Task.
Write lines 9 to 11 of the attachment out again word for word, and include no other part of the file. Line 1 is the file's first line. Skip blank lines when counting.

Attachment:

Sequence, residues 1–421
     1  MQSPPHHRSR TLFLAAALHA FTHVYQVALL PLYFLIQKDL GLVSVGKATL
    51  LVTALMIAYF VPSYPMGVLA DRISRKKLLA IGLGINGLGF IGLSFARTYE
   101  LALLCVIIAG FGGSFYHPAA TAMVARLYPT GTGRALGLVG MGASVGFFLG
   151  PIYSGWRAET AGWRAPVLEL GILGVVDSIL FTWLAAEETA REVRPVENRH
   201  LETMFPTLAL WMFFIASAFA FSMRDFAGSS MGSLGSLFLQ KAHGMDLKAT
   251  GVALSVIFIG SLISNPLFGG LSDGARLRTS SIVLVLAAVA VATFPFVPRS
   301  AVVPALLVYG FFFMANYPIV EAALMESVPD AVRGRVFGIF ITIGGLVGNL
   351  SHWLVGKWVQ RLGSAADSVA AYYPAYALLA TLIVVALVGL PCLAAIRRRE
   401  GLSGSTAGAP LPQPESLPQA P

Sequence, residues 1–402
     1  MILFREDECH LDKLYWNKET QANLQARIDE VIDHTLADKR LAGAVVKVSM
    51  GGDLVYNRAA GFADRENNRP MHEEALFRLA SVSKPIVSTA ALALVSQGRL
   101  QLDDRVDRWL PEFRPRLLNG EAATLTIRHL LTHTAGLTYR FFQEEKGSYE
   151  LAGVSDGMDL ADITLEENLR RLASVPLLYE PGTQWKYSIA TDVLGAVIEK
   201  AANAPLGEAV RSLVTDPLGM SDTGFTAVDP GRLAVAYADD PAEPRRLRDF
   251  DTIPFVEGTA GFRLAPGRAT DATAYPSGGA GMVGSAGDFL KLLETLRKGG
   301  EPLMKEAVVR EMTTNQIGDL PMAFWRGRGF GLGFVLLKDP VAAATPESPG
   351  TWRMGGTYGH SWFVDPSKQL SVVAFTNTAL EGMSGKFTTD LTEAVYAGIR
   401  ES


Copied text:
   351  SHWLVGKWVQ RLGSAADSVA AYYPAYALLA TLIVVALVGL PCLAAIRRRE
   401  GLSGSTAGAP LPQPESLPQA P

Sequence, residues 1–402